Jackson Estuarine Laboratory


Successional development of fouling communities on open ocean aquaculture fish cages in the western Gulf of Maine, USA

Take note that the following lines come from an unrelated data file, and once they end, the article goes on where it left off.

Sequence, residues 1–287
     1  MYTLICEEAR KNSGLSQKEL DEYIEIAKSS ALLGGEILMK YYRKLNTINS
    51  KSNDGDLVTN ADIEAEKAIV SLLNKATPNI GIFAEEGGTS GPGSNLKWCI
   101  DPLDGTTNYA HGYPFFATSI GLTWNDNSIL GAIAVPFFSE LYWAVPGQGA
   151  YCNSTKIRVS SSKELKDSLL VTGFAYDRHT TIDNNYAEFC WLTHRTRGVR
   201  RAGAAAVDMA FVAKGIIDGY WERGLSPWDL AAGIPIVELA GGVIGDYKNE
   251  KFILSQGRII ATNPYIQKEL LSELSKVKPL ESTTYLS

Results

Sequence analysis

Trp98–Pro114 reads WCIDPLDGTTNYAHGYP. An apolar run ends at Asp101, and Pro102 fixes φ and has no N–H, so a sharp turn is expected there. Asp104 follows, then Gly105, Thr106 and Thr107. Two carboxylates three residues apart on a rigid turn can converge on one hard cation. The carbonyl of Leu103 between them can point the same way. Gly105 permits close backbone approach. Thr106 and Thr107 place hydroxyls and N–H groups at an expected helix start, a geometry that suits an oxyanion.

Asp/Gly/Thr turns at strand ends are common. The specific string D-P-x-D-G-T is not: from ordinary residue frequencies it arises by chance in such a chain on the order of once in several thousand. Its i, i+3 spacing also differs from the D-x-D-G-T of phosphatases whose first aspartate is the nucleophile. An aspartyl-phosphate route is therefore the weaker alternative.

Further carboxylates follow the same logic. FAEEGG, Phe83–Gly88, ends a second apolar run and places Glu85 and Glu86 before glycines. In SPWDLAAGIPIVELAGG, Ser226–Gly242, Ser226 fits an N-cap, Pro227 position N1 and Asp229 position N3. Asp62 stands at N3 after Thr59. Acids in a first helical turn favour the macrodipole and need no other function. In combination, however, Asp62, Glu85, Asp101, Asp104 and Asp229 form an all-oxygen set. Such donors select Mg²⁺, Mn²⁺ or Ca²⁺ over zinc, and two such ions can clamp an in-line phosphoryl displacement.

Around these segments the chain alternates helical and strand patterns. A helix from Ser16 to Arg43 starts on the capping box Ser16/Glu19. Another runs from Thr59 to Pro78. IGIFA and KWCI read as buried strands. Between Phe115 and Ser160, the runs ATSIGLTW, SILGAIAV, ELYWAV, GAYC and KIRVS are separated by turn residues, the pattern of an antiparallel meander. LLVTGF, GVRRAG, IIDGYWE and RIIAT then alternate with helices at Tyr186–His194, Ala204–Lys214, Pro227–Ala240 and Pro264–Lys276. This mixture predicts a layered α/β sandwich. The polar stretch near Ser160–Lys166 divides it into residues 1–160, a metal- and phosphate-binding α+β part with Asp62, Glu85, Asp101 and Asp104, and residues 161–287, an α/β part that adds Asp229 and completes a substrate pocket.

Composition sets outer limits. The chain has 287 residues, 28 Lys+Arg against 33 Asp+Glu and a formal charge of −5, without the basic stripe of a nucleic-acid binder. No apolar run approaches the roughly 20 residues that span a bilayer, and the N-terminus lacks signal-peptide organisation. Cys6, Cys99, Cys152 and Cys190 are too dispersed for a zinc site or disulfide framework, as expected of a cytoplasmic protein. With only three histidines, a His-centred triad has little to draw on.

Growth of fouling organisms on suspended fish cages is an impediment to aquaculture projects in coastal waters around the world. The present study characterized ecological succession of fouling communities on the netting of fish cages at an open ocean aquaculture site 10 km east of New Hampshire, USA in the western Gulf of Maine. Ecological succession can be defined as the process by which a community moves from a simple level of organization to a more complex community. Routine cleaning of the cages causes loss of organisms and initiation of ecological succession. Experimental panels of nylon net material were deployed at different times of the year and for different durations from September 2002 to September 2003 (eleven sets of 1-month panels, four sets of 3-month panels, two sets of 6-month panels, and one set of 1-year panels), with four replicates of each deployment. Panels were randomly arranged on a grid that was attached to a fish cage at a water depth of ∼ 15 m. There were substantial and significant differences in density and biomass of the total communities of most successional sequences when comparing panels deployed during May–September to those deployed during the cooler months, October–April. However, the blue mussel, Mytilus edulis, dominated in density and biomass in almost every sequence, regardless of time of initiation or duration. Other species that occurred in high numbers and/or biomass were the amphipods Caprella sp. and Jassa marmorata, the molluscs Hiatella arctica and Anomia sp., the seastar Asterias vulgaris, and the anemone Metridium senile. Juveniles and adults of some species were also present in some early (1-month) successional sequences, indicating that migration may be an important process in community development. Some of the dominant species listed above were present in all successional stages (early, intermediate and late), differing only in relative abundances in the community. The consistent dominance of M. edulis, and other differences in successional patterns compared to what has been typically observed for epifaunal communities in the region, were hypothesized to be the result of a combination of factors: a lack of predators such as seastars and fish that typically consume mussels in natural communities, excessive predation by nudibranchs on those species (e.g., Tubularia sp.) normally abundant in early successional stages, year-round availability of mussel larvae, and cage cleaning protocols that do not remove all the organisms present. The introduction of predatory fishes or seastars into or onto the cages might provide some amount of control on the growth of fouling organisms.

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